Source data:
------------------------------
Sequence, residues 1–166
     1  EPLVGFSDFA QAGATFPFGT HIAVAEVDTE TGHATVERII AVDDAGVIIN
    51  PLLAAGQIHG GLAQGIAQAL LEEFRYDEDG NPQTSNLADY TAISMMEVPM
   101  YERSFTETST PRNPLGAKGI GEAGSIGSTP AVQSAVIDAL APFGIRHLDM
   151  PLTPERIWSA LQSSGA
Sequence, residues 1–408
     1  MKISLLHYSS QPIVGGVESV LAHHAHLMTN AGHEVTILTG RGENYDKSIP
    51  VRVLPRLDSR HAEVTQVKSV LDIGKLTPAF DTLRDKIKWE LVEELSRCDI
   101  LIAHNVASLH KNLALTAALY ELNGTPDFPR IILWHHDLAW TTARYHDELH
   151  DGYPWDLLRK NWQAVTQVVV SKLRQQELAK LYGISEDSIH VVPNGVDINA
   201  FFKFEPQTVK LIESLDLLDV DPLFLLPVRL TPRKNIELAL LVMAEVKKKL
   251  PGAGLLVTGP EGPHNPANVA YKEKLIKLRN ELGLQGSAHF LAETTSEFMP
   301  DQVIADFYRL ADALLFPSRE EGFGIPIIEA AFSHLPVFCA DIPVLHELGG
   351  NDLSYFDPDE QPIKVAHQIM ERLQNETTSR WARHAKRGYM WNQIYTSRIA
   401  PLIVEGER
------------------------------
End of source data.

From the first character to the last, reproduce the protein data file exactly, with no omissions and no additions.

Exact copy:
Sequence, residues 1–166
     1  EPLVGFSDFA QAGATFPFGT HIAVAEVDTE TGHATVERII AVDDAGVIIN
    51  PLLAAGQIHG GLAQGIAQAL LEEFRYDEDG NPQTSNLADY TAISMMEVPM
   101  YERSFTETST PRNPLGAKGI GEAGSIGSTP AVQSAVIDAL APFGIRHLDM
   151  PLTPERIWSA LQSSGA
Sequence, residues 1–408
     1  MKISLLHYSS QPIVGGVESV LAHHAHLMTN AGHEVTILTG RGENYDKSIP
    51  VRVLPRLDSR HAEVTQVKSV LDIGKLTPAF DTLRDKIKWE LVEELSRCDI
   101  LIAHNVASLH KNLALTAALY ELNGTPDFPR IILWHHDLAW TTARYHDELH
   151  DGYPWDLLRK NWQAVTQVVV SKLRQQELAK LYGISEDSIH VVPNGVDINA
   201  FFKFEPQTVK LIESLDLLDV DPLFLLPVRL TPRKNIELAL LVMAEVKKKL
   251  PGAGLLVTGP EGPHNPANVA YKEKLIKLRN ELGLQGSAHF LAETTSEFMP
   301  DQVIADFYRL ADALLFPSRE EGFGIPIIEA AFSHLPVFCA DIPVLHELGG
   351  NDLSYFDPDE QPIKVAHQIM ERLQNETTSR WARHAKRGYM WNQIYTSRIA
   401  PLIVEGER